Here's Your Cheat Sheet to the Fed's Key Comments

If you weren't paying attention, this is what you need to know going into the September meeting

Federal Reserve officials are weighing whether to raise interest rates for the first time in almost a decade, and the change could come this month. Now that the Fed's blackout period—the stretch before a policy-setting meeting during which officials don't comment publicly—has begun, we've heard all that we're going to get from policy makers before the potentially momentous Sept. 16-17 meeting.

Here's a summary of noteworthy communications since Janet Yellen's most recent public speech, alongside major economic events and changes in market expectations for an interest-rate increase in September. See the chart below for how investors' bets have risen, only to start declining again. 

Janet Yellen,  July 16

Janet Yellen, chair of the U.S. Federal Reserve.
Janet Yellen, chair of the U.S. Federal Reserve.
Photographer: Drew Angerer

Market Odds for September: 37%

"My own preference would be to be able proceed to tighten in a prudent and gradual manner,” Fed Chair Yellen said, testifying before the Senate Banking Committee. Over two days of congressional testimony, Yellen signaled that she believed a rate increase could be appropriate in 2015, if data shaped up as expected, without specifying which meeting. 

FOMC statement,  July 29

Market Odds for September: 42%

The committee added the qualifier that it would like to see "some'' further improvement in the labor market before raising rates, which many economists interpreted as lowering the bar. 

James Bullard,  July 31

James Bullard, president of the St Louis Federal Reserve.
James Bullard, president of the St Louis Federal Reserve.
Photographer: Michael Nagle

Market Odds for September: 40%

St. Louis Fed's Bullard told the Wall Street Journal in an interview that "we are in good shape” for increasing the Fed’s rate target at the September meeting. "My sense is that a 25 basis-point move would essentially be a nonevent in financial markets.” Bullard doesn't vote until 2016 on Federal Open Market Committee policy, but he still participates in the discussions. 

Jerome Powell,  Aug. 5

Jerome Powell, governor of the U.S. Federal Reserve.
Jerome Powell, governor of the U.S. Federal Reserve.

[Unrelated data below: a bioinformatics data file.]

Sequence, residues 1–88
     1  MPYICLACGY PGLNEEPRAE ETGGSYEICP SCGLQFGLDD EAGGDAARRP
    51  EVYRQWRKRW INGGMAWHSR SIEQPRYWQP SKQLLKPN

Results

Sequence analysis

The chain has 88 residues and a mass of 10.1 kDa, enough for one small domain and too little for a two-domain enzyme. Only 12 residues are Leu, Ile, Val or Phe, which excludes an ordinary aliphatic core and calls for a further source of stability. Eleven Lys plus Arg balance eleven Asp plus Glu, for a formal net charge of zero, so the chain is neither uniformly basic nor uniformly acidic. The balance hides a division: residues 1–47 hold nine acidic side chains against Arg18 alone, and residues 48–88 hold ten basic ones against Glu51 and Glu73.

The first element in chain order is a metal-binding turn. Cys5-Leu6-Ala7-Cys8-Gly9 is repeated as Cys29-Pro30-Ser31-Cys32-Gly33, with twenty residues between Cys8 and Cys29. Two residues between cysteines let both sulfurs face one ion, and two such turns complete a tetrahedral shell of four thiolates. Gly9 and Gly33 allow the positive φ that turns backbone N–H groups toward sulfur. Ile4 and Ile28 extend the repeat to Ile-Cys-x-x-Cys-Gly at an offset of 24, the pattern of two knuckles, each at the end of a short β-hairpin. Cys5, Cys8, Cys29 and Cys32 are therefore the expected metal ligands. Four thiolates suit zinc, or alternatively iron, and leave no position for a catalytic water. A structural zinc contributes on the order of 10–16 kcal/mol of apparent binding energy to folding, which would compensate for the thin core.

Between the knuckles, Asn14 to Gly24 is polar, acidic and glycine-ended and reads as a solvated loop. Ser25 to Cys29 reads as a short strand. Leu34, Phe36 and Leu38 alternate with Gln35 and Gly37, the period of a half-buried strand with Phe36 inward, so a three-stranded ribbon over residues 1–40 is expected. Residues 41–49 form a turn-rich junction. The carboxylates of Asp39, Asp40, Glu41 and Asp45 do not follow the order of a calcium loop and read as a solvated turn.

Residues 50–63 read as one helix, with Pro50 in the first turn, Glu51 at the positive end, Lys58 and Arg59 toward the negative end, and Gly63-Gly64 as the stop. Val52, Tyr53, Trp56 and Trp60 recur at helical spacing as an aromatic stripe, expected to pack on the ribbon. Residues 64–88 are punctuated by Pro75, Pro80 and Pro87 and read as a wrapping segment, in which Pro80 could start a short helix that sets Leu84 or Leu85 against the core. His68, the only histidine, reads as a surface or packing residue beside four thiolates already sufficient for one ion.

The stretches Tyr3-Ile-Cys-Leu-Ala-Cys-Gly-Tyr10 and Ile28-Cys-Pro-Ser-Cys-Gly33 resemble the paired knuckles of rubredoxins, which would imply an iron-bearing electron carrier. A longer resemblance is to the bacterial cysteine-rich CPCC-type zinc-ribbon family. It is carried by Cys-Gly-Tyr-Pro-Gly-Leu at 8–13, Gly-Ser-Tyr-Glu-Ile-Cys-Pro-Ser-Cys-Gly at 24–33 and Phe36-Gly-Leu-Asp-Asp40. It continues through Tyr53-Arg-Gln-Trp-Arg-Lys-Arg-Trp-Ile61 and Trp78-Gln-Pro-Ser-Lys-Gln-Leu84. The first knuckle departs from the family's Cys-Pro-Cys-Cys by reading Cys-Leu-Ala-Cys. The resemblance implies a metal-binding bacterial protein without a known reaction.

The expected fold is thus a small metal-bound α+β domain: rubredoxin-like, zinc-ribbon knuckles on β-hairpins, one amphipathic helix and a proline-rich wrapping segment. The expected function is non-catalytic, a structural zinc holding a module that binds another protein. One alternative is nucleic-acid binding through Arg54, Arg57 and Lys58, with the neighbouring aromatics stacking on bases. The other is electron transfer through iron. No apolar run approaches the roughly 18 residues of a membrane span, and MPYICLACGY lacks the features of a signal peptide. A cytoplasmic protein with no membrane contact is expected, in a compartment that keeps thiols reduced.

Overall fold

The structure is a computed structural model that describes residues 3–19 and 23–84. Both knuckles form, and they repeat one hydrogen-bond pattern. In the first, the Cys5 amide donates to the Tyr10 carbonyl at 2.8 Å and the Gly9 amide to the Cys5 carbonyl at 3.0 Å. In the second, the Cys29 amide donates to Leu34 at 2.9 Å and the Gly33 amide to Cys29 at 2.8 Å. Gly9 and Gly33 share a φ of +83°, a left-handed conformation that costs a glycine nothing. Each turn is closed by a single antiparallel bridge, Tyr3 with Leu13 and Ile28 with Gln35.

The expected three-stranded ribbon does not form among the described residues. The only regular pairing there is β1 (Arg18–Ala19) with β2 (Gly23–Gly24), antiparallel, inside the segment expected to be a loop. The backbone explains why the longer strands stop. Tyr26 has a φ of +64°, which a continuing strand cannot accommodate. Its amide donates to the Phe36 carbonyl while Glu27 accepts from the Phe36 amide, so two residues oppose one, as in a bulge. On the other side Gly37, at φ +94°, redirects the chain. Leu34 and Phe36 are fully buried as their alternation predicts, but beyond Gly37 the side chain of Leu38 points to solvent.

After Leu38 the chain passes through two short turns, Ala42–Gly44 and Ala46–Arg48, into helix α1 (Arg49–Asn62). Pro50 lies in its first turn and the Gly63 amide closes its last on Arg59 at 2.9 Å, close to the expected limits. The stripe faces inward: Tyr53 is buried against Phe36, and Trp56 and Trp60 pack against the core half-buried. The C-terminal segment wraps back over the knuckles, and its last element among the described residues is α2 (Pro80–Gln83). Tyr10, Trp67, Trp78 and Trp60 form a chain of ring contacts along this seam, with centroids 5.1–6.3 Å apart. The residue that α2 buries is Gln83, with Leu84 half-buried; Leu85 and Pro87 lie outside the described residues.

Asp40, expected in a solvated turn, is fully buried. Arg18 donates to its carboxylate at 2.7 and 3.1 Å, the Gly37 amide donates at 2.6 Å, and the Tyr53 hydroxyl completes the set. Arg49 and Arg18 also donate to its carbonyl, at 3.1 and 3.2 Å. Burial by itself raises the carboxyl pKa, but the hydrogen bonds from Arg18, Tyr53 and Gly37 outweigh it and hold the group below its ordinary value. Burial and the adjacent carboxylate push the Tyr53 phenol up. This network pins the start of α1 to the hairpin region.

Photographer: Andrew Harrer/Bloomberg

Market Odds for September: 50%

“The time is coming. I think most members of the FOMC at the June meeting believed that it was time to raise interest rates sometime this year,” Fed Governor Powell said in a CNBC interview on Aug. 5, without specifying a month. “When we do that, there will be—if the economy continues to grow—there will be a process of raising rates, gradually, over time.” 

China Devalues Yuan,  Aug. 11

Market Odds for September: 40%

In a surprise move, China devalued its currency, sending ripples through global markets and stirring speculation that the world's second-largest economy may be slowing more than expected. 

FOMC Minutes,  Aug. 19

Market Odds for September: 38%

Most meeting participants “judged that the conditions for policy firming had not yet been achieved, but they noted that conditions were approaching that point," according to minutes from the committee's July meeting released in mid-August. 

Stocks Swing,  Aug. 20

Market Odds for September: 32%

U.S. stock indexes begin to swing wildly. Starting from Aug. 21, the Chicago Board Options Exchange Volatility Index had posted 11 straight sessions above 25 through the end of last week, a level that before August it had touched on just five days since 2011. 

William Dudley,  Aug. 26

William Dudley, president of the New York Federal Reserve.
William Dudley, president of the New York Federal Reserve.
Photographer: Michael Nagle

Market Odds for September: 24%

“From my perspective, at this moment, the decision to begin the normalization process at the September FOMC meeting seems less compelling to me than it was a few weeks ago,” the New York Fed's Dudley told a news conference on Aug. 26. “Normalization could become more compelling by the time of the meeting as we get additional information on how the U.S. economy is performing, and more information on international and financial market developments.” 

Stanley Fischer,  Aug. 29

Stanley Fischer, vice chairman of  the Fed.
Stanley Fischer, vice chairman of  the Fed.
Photographer: Andrew Harrer

Market Odds for September: 38%

“Given the apparent stability of inflation expectations, there is good reason to believe that inflation will move higher as the forces holding down inflation dissipate further,” Vice Chairman Fischer said in Jackson Hole, Wyoming, on Aug. 29. Fischer was careful to announce that he wasn’t signaling an impending rate increase, yet economists said the remarks suggested a September move wasn’t ruled out.

John Williams,  Sept. 7

John Williams, president of the San Francisco Federal Reserve.
John Williams, president of the San Francisco Federal Reserve.
Photographer: David Paul Morris

Market Odds for September: 28%

Williams says data have been "about as good or better" than his expectations. Continued dollar appreciation—it's risen about 8 percent against the euro since the start of the year—and financial market conditions are "pretty significant" headwinds that have grown larger, he said.  "It would be reasonable, from my own perspective, to see interest-rate increases sometime later this year," he said in a Wall Street Journal interview published Sept. 7, adding that the decision will remain data dependent and declining to speak about September. 

Note: Market odds are based on the assumption that the effective fed funds rate will average 0.375 percent after liftoff. 

Before it's here, it's on the Bloomberg Terminal. LEARN MORE